Skip to main content

XUL and Java. It seems obvious to me.

2 replies [Last post]
hattons
Offline
Joined: 2004-01-25

Have others looked at XUL and its potential for use as a Java UI framework? I gathered a few links to XUL resources. I like working with XUL in Mozilla, that is, until I start wanting it to act like a web client. Trying to program sophisticated functionality in JavaScript is not my cup of tea. I wish Mozilla allowed more direct manipulation of the DOM via Java, but that is OT for this forum. What is on topic is the idea of supporting XUL with Swing. This is what the luxor project has been working on.

http://luxor-xul.sourceforge.net/

This is the best resource for XUL in Mozilla:
http://www.xulplanet.com/

This is an opportunity for convergence:
http://www.mozilla.org/projects/xul/xul.html

Message was edited by: hattons

Reply viewing options

Select your preferred way to display the comments and click "Save settings" to activate your changes.
xamjadmin
Offline
Joined: 2005-05-29

You might want to take a look at XAMJ. We just
released a pre-beta version. Go to html.xamjwg.org.

karsten
Offline
Joined: 2003-06-11

First off, let me say that I worked with external
UI descriptions for over 4 years and built a couple of
cross-platform user interfaces in this style.

Although XML UI descriptions have good potential for
the future, I'd say that these solutions still lag behind
other UI solutions for the Java desktop regarding
quality, production time, and the learning curve.

I recommend to compare the different desktop solutions
(including the additional XML description layers) and
check the following disciplines, weighted as appropriate
for your project and UI, among others:

1) Does it support multi-platform applications well?
For example, OS X users complain about the poor Mozilla XUL UI.
2) How easy can you express/produce simple things?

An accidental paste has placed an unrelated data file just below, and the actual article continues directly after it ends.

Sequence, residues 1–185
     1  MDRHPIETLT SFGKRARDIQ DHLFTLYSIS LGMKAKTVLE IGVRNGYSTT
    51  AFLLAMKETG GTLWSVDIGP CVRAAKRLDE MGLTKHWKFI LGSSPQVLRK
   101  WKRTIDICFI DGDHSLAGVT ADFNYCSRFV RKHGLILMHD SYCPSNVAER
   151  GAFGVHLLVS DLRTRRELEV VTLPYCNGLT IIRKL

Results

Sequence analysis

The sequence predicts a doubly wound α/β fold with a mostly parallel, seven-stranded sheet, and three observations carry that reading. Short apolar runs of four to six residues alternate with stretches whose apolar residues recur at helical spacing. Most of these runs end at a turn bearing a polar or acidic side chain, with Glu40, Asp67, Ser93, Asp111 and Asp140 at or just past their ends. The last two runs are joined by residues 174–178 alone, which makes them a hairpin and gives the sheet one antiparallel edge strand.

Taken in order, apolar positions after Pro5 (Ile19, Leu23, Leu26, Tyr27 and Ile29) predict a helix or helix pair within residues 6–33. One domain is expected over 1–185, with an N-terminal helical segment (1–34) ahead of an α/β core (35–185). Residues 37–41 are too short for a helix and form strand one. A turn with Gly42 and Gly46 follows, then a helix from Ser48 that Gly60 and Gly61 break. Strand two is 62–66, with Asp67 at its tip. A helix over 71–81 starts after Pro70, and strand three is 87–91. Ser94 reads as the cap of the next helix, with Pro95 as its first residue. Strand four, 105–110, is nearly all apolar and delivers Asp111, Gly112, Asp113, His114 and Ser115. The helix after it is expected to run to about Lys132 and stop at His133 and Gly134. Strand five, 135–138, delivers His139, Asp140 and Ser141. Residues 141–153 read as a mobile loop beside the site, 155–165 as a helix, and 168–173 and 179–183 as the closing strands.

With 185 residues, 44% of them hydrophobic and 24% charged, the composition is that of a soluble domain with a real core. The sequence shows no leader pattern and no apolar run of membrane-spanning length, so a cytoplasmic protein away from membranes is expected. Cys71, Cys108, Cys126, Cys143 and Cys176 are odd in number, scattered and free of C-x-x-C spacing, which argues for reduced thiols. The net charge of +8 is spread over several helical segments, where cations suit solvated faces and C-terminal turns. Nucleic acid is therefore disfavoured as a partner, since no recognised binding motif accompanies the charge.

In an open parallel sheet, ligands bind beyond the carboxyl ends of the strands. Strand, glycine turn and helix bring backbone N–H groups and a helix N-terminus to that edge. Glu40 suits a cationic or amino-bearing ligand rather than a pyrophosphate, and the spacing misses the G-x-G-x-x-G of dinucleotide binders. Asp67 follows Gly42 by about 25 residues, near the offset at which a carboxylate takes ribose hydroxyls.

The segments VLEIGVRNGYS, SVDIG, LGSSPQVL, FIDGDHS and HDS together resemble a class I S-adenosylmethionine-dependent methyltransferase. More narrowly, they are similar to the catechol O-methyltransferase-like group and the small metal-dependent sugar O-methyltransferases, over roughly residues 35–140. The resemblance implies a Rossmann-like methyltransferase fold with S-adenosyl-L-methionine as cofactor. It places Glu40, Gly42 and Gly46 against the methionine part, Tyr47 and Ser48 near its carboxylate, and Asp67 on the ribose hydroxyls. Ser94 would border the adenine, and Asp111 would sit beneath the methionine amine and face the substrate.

3) What design quality can you achieve? Is the hard stuff possible?
4) Does it help you achieve a well-designed UI?
5) Can everybody in your team work with the solution?
6) What about the readability of the layout description?
Can you understand and edit what your collegue has designed?
7) What about compile-time safety?
8) What about tool support: e.g. editor support, code-completion?
Can you browse references?
9) Does your editor integrate with your refactoring tool?
10) How easy can you find and fix bugs? Can you debug
the build process and component configuration?
11) Does it support your favorite widget toolkit well?
For example, can you work with the GlassPane?
And does it integrate with Java2D?
12) Does it support multiple widget toolkits?
(Without ending up with the worst of all worlds).
13) Can you rely on the solution vendor?
14) How large is the extra download size?
15) How much does it cost?
16) Is support available?
17) Can you change the layout at runtime?
18) Can users change the layout at runtime?

Regarding 11) see for example whether you can use overlays as in:
http://www.jgoodies.com/freeware/validationdemo/images/validationdemo.png
Or check the Book Finder's integrated animated tour
that you can launch from the tool's help menu:
http://www.jgoodies.com/freeware/bookfinder/

As a forum moderator I won't comment that much on the author
of Luxor XUL. Anyway, be warned and google how others reflect
his statements, his policy, his marketing, his prices.
He's violated the forum rules at java.net and has been banned.

If you are looking for XML UI descriptions for Java,
I suggest you have a look at SwixML and Thinlet.

Again, I'm not saying that an XML UI description doesn't
make sense. I'm preparing such a solution for customers.
It's just not obvious to me, the contrary is the case.

Hope this helps,
Karsten